Roadside Prophets

  • 1992
  • Movie
  • R
  • Adventure, Comedy, Drama

Abbe Wool's ROADSIDE PROPHETS wants to be some sort of post-modern 90's EASY RIDER, but for the most part it's as aimless and uninspired as its two main characters. Joe Mosely (John Doe of the LA punk band X) is a factory worker more interested in his vintage cycle than anything else. When Joe meets fellow employee Dave, they trade bike talk and go to a...read more

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Abbe Wool's ROADSIDE PROPHETS wants to be some sort of post-modern 90's EASY RIDER, but for the most part it's as aimless and uninspired as its two main characters.

Joe Mosely (John Doe of the LA punk band X) is a factory worker more interested in his vintage cycle than anything else. When Joe meets fellow employee Dave, they trade bike talk and go to a local bar where Dave (in one of the film's too-infrequent attempts at warped humor) is electrocuted playing

a video game. Dave had talked glowingly about the Nevada town of Eldorado, so Joe has him cremated, puts his ashes in an old motorcycle gas tank, and sets off to deposit his friend there.

Two people are soon interfering with his plans, however: Angie, (whom we hear on the phone, but never see) from his personnel office keeps calling him, offering to provide more sick days to continue his trip, in exchange for a romantic rendezvous on his return. Then there's Sam (Adam Horovitz of

rap/punk trio the Beastie Boys), a crazy kid who's been following Joe, and buys a bike to accompany him to Eldorado. The pair meet up with an assortment of supposedly colorful characters along the way, including truck driver Salvadore (Timothy Leary); bartender Harvey (Arlo Guthrie), who tells

tales of "prehistoric" fish he's caught; a guitar-playing hermit named Othello Jones (David Carradine), who gets the boys high and tells them about Roman gladiators; and Caspar (John Cusack), an anarchist.

Like all mismatched cinematic couples, Joe and Sam get on each other's nerves, and split up when Sam refuses to stay in anything but a Motel 9, a chain he appears to have an unnatural attachment to. They do hook up again in Las Vegas, where they gamble away their money and their bikes, finally

making it to Eldorado where they scatter Dave's ashes. Broke and unsure of what to do, they meet a teenage runaway on the highway. Sam, who up until that point has been critical of every one of the "prophets" they've met, decides to go with the kid to look after her, while Joe stays behind,

hinting at a possible reunion down the road.

Doe (SLAM DANCE, BORDER RADIO), who's been fine in other films (and whose rugged good looks could garner him a role as Harrison Ford's brother), is fairly believable as the world-weary Joe, but Horovitz (the son of playwright Israel Horowitz), with his whining and goofy grin, seems as if he's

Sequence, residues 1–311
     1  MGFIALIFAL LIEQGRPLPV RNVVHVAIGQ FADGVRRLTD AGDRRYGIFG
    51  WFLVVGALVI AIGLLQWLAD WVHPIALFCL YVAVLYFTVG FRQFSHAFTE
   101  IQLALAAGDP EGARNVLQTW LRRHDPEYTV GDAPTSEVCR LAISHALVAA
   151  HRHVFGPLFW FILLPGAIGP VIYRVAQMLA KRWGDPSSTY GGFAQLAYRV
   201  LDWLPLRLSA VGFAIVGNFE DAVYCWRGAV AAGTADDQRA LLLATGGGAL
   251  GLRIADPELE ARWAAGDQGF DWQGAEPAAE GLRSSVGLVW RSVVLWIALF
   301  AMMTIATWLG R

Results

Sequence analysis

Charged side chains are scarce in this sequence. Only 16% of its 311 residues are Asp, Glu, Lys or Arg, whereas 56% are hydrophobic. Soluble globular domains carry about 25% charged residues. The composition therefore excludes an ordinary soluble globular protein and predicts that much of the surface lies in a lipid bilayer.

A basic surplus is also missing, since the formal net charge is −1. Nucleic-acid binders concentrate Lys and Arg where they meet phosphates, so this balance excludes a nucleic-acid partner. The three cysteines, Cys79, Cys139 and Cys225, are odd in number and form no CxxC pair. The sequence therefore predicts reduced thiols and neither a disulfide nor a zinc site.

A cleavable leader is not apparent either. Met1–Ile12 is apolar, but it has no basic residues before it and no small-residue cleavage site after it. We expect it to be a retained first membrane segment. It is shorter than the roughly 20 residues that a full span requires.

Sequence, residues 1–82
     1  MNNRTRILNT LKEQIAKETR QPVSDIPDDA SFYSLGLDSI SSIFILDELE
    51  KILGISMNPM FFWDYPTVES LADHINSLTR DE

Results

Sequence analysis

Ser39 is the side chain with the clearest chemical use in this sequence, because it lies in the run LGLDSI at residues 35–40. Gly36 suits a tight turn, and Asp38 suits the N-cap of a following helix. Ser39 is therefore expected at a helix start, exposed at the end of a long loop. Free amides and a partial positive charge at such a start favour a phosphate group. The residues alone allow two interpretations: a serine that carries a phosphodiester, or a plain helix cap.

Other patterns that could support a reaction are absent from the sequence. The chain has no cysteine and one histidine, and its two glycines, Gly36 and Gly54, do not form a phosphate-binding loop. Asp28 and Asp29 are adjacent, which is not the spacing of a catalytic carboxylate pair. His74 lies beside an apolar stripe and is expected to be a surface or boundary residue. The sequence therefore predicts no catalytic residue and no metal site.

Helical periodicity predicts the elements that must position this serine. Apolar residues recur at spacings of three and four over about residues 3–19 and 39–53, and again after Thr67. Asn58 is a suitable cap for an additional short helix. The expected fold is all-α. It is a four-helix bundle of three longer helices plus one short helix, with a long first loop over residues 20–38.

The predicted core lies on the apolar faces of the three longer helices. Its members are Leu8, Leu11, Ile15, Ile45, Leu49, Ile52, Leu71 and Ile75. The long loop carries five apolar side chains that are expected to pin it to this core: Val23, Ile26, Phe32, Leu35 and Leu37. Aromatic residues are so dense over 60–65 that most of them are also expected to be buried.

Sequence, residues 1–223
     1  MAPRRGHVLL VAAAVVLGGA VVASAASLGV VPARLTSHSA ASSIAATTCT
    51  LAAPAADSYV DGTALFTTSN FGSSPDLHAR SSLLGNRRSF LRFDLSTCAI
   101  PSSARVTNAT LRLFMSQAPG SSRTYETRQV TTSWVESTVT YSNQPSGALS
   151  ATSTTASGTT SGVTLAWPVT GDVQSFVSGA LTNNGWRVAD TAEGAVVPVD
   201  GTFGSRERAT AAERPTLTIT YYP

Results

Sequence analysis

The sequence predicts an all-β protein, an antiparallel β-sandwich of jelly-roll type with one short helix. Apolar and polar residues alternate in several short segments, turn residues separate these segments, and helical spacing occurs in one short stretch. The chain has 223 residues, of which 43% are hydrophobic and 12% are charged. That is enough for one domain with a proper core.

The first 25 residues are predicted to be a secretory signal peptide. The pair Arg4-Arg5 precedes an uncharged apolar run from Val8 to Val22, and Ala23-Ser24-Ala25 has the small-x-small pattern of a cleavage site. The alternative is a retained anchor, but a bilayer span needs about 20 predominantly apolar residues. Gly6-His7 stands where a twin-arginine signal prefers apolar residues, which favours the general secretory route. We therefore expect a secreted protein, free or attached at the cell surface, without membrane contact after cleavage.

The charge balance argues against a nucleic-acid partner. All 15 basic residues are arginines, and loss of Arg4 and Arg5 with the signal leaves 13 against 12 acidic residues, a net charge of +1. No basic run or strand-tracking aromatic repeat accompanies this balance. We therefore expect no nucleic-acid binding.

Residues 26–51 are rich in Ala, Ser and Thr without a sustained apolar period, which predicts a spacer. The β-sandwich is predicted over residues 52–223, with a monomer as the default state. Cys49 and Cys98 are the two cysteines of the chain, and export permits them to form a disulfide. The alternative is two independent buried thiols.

about to break into a Jerry Lewis impression; he's more annoying than funny.

The lack of plot could be overlooked if the folks Sam and Joe met on their journey were remotely memorable, but almost every encounter is the same: they run into some eccentric for four or five minutes (sometimes shorter--don't blink or you'll miss Leary and Guthrie), Sam proclaims that they're

insane and drives off. Writer-director Wool obviously wants to make some sort of statement about life in Reagan/Bush America, having characters spout off about nuclear power, the media and the dichotomy of rich and poor, but the "prophets" are onscreen for such a short time nothing registers. (One

wonders whether this is a fault of the actors as well. Perhaps Wool rounded up a bunch of friends and then had them improvise their parts; Leary and Guthrie, especially, appear to have written their own lines.)

Towards the second half of the film, things do pick up slightly: Sam and Joe meet a couple who are both dying (she from AIDS, he from cancer), which naturally brings up some important issues, and Joe talks with a motel proprietor who regrets the passive role he played in his own life, emphasizing

the importance of friends and love. This is a turning point in the film, since it leads to Joe's reunion with Sam, and Sam confessing the reason for his Motel 9 obsession: his parents left and checked into one when he was a child, and were never heard from again. But by then we're too uninterested

by what's gone on before to be affected by these two fairly passive characters.

What could have been a fun, or at least uniquely weird journey is defeated by a lackadaisical screenplay and a lack of imagination. If only the film had been as lively as its soundtrack, which features performances by Doe and his X-mates, Bug Lamp, the Pogues and others. (Brief violence, substanceabuse, profanity, nudity.)

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  • Released: 1992
  • Rating: R
  • Review: Abbe Wool's ROADSIDE PROPHETS wants to be some sort of post-modern 90's EASY RIDER, but for the most part it's as aimless and uninspired as its two main characters. Joe Mosely (John Doe of the LA punk band X) is a factory worker more interested in his vin… (more)

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